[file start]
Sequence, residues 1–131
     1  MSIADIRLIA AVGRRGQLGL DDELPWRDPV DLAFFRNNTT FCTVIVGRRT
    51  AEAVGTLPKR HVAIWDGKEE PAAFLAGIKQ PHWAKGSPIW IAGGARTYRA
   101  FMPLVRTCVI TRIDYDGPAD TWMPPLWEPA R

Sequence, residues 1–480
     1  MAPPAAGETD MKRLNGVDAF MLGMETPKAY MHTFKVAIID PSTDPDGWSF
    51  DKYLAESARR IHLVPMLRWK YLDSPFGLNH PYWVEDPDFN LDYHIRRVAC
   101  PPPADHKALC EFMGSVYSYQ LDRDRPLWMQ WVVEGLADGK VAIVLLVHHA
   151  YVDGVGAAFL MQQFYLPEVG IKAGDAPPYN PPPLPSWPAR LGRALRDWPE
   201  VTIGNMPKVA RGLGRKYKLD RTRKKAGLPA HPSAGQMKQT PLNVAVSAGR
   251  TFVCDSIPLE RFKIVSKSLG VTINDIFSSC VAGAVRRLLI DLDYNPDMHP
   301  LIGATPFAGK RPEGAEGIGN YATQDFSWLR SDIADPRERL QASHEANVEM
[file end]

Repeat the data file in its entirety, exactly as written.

Sequence, residues 1–131
     1  MSIADIRLIA AVGRRGQLGL DDELPWRDPV DLAFFRNNTT FCTVIVGRRT
    51  AEAVGTLPKR HVAIWDGKEE PAAFLAGIKQ PHWAKGSPIW IAGGARTYRA
   101  FMPLVRTCVI TRIDYDGPAD TWMPPLWEPA R

Sequence, residues 1–480
     1  MAPPAAGETD MKRLNGVDAF MLGMETPKAY MHTFKVAIID PSTDPDGWSF
    51  DKYLAESARR IHLVPMLRWK YLDSPFGLNH PYWVEDPDFN LDYHIRRVAC
   101  PPPADHKALC EFMGSVYSYQ LDRDRPLWMQ WVVEGLADGK VAIVLLVHHA
   151  YVDGVGAAFL MQQFYLPEVG IKAGDAPPYN PPPLPSWPAR LGRALRDWPE
   201  VTIGNMPKVA RGLGRKYKLD RTRKKAGLPA HPSAGQMKQT PLNVAVSAGR
   251  TFVCDSIPLE RFKIVSKSLG VTINDIFSSC VAGAVRRLLI DLDYNPDMHP
   301  LIGATPFAGK RPEGAEGIGN YATQDFSWLR SDIADPRERL QASHEANVEM